On a recent drizzly Thursday, colleague and Bee dining critic Carla Meyer was my lunch pal at the cavernous (9,100 square feet) Sauced BBQ & Spirits, which opened Jan. 4 in the space once filled by the Hard Rock Cafe. Its site in the newly dubbed Downtown Commons is a rib bone’s throw away from that temple of sports and commerce, the Golden 1 Center (1028 7th St., 916-400-4341).
The Sacramento outlet is the fourth to open in Northern California, a mini-chain founded by ’cue-lovin’ cousins Brenden Scanlon – who once competed on the BBQ circuit around Atlanta – and Barrett Gomesto, who grew up in the Tri-Valley area (Livermore, Pleasanton, et al). They conspired to bring “Southern-inspired” BBQ to California, with a menu that offers an aggregation of specialties from some of America’s cookout capitals – Kansas City, St. Louis, Texas and the Carolinas. Sauced debuted in 2012 in Livermore, followed by stores in Petaluma (2015), Walnut Creek (2006) and now River City.
Inside the DoCo location, about 270 diners chatted and chowed-down on pork ribs, brisket, pulled pork, Mary’s chicken and “burnt ends,” the charry-crispy-fatty pieces from the point of the brisket, along with starters of “Rednexican” nachos, smoked wings and “cheezy” hush puppies spiked with bacon, cheese and jalapeno, and sides of collard greens, cornbread, baked beans, jalapeno-cheese grits and sour apple slaw.
Operating under the guideline that it’s always 5 p.m. somewhere, and fulfilling the double-entendre name of the place, a row of chummy millennials lined the long bar. As they ate, they sipped some of the nine Sauced-branded beers made exclusively for the company by the Working Man Brewery in Livermore. Boston-based Beer Advocate magazine gave a 4.29 score (out of 5) to the Deuce Pigalow double IPA.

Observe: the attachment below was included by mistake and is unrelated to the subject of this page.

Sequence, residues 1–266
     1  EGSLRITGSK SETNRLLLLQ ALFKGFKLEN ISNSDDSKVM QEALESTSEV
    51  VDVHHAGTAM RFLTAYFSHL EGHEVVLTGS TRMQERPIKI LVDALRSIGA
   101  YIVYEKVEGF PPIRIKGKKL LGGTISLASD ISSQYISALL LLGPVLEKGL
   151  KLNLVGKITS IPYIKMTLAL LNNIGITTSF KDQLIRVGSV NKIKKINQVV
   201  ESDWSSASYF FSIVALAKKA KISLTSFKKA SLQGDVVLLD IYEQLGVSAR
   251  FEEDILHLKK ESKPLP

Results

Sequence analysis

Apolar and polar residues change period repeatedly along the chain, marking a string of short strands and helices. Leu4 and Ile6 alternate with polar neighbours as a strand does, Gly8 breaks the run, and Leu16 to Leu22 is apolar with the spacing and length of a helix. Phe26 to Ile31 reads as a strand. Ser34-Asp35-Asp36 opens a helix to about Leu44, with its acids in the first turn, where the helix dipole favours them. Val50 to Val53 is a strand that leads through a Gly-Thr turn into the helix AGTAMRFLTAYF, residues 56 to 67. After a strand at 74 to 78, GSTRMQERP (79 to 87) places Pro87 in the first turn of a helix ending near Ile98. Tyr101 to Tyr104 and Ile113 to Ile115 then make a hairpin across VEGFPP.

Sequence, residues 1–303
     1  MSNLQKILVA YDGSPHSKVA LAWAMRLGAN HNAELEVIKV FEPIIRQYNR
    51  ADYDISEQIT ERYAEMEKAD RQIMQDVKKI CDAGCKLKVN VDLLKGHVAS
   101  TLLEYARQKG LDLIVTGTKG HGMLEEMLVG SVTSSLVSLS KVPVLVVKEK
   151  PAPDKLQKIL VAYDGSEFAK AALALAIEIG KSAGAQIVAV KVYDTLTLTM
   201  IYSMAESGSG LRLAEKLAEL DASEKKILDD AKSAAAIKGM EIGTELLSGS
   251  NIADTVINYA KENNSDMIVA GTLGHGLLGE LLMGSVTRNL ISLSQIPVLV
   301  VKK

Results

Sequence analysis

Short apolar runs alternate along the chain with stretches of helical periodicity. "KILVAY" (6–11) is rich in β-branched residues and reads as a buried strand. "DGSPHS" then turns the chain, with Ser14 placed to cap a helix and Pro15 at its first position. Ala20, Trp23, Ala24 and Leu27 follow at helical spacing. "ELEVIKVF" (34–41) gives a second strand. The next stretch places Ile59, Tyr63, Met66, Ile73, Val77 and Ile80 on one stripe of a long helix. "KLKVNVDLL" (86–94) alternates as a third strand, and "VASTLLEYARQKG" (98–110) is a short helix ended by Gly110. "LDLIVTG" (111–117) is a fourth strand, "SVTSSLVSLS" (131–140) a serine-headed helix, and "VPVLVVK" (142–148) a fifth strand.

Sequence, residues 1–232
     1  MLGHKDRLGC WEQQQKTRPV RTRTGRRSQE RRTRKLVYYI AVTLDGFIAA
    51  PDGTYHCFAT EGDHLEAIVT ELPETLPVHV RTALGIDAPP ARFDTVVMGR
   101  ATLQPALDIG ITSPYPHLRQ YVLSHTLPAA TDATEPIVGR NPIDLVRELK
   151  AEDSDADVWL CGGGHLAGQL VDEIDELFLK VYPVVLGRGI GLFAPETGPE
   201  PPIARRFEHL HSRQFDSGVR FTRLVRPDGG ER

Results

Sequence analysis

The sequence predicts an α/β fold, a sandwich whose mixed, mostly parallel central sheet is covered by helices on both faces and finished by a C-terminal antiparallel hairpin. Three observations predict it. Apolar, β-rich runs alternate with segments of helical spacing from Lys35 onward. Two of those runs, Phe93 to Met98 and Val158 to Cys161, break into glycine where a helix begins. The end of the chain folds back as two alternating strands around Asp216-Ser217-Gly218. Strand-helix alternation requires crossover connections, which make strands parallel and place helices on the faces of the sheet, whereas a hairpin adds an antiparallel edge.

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Out of curiosity, some of guys at the bar eyed the drinks menu, titled “How To Get Sauced: The Instruction Manual.” That’s where the hard stuff is, including the $9 daily special – a shot of bourbon with a beer back.
Carla and I crowded our table with a feast of dishes, washed down with that Southern-accented staple, sweet tea. A few days later, I visited the Sauced kitchen and laid eyes on three gigantic Ole Hickory smokers, each capable of holding 1,000 pounds of meat. Oak logs were stacked nearby, next to 40-pound bags of hardwood lump charcoal.
I’ll be writing about our visit to Sauced soon in a “First Impressions” column in an upcoming Friday Ticket section. Meanwhile, what can reviews of the three other Sauced locations tell us about what to expect of our own?
Though Jackie Burrell of the San Jose Mercury News gave the Walnut Creek store only 2-1/2 stars in December, Nicholas Boer of East Bay-centric Diablo magazine wrote on Jan. 9: “Service was fast and friendly, the food almost faultless. The Brussels sprouts were phenomenal – flash-fried with braised pork belly and mingled with strings of fried onion. No doubt, Sauced is loud. But when you’ve got dozens of taps, almost as many TV screens, and more whiskeys than a sober man can count, you’ve got to expect a little excitement.”
In August 2015, Lynn Haggery of the Argus-Courier newspaper wrote this about the Petaluma outlet: “The Carolina pulled pork sandwich served on a soft roll (was) moist and flavorful, and the slaw added enough sweet and crunch to satisfy. The classic Brunswick Stew was a very hearty tomato-based stew with pulled pork, brisket, fresh corn, beans and potatoes, with a nice savory finish.”
When the original Sauced in Livermore opened, Chrissa Ventrelle of the San Jose Mercury News gave it 3-1/2 stars, noting: “We found the best way to explore the menu is through the hearty three-meat combo. Every piece of meat passed muster. The flavorful ribs cling just slightly to the bone, something we all enjoyed. The tasty brisket made my family propose buying a smoker so we could eat it more often.”
Have you been to Sauced yet? If so, what do you think? Let us know in the comments.